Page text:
Skype Tiptoes Into Enterprise Market With SIP Beta

VoIP provider Skype announced on Monday the beta version of its business-user-oriented Skype for SIP (session initiation protocol), which will run on enterprise PBX (private branch exchange) systems.

SIP is a signaling protocol that lets users set up and tear down multimedia communication sessions such as voice and video calls over the Internet. It can also be used for video conferencing, streaming multimedia distribution, instant messaging, presence information and online games over the Internet.

Announcing the technology, eBay-owned Skype touted its ability to cut costs. “Businesses can benefit from Skype’s low-cost global calling rates when placing calls to landlines and mobiles worldwide from devices connected to their PBX systems,” the company said.

What Skype for SIP Does

The beta version of Skype for SIP will let business users receive and manage inbound calls from Skype users worldwide on SIP-enabled PBX systems. It connects the company’s Web site to the PBX system through a click-to-call feature.

Businesses will also be able to manage Skype calls using their existing hardware and system applications such as call routing, conferencing, phone menus and voice mail.

Applicants for the beta program must be businesses that have an installed SIP-based IP PBX system and are able to configure their own PBX, Skype said.

The beta is available to a limited number of participants. Go here to apply.

The Pros of Skype for SIP

SIP trunking, or connecting a PBX to a VoIP service provider over an Internet connection, is perhaps the least disruptive of the VoIP technologies businesses can get, Hugh Rees, vice president of business and channel development at telecommunications company 8×8, told the E-Commerce Times.

Users with an SIP PBX just unplug their existing T-1 primary rate interface line and plug in the Ethernet connection for a VoIP SIP trunking service, Rees said. “There’s no change in user behavior and it’s easy to do and it’s going to cost less for the business.”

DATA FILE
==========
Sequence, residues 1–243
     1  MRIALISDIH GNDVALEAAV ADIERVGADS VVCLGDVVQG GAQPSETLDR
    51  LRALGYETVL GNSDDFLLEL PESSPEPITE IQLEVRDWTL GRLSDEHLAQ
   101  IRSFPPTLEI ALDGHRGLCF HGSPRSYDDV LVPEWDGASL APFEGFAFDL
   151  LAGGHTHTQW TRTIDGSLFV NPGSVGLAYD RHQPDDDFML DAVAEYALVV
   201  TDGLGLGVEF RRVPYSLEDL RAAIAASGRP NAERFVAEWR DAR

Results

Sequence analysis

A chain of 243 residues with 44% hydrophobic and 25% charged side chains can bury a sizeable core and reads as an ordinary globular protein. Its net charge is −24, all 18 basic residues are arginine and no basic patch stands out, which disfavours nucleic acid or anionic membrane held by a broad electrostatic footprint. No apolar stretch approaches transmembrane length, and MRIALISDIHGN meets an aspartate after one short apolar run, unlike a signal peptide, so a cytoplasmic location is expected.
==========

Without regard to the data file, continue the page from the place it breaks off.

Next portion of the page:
Lowered telephony costs could be a major incentive. “Skype gives businesses a really cheap way to make calls,” IDC analyst Rebecca Swensen told the E-Commerce Times. “Calls over the Skype network to other Skype users are free, and none of the other VoIP vendors can offer that.” users such as salespeople already use Skype in the field, so implementing Skype at the back end will not involve any disruption to the way mobile staffers work, Swensen said.

Will The Enterprise Love Skype?

Skype has established itself serving the consumer market, but corporate users are another kettle of fish altogether, and observers are unsure whether it can make the transition to enterprise services.

“Businesses will be asking themselves how Skype will compete against VoIP offerings from more traditional and experienced service providers,” Charles King, principal analyst at Pund-It Research, told the E-Commerce Times. “Their lack of experience in providing corporate-level services may count against them.”

“Business customers are more demanding in terms of quality, reliability, scalability and, of course, customer service,” 8×8’s Reese said. “I don’t think Skype has that kind of infrastructure in place to support this type of customer.”

While Skype cannot do things like provide service level agreements now, that does not mean it will be excluded from the enterprise market, Swensen contends.

“Skype will become a supplemental solution,” she explained. “You’ll have one PBX and have this Skype plug-in to the PBX that lets you shunt, say, outbound calls to Skype.”

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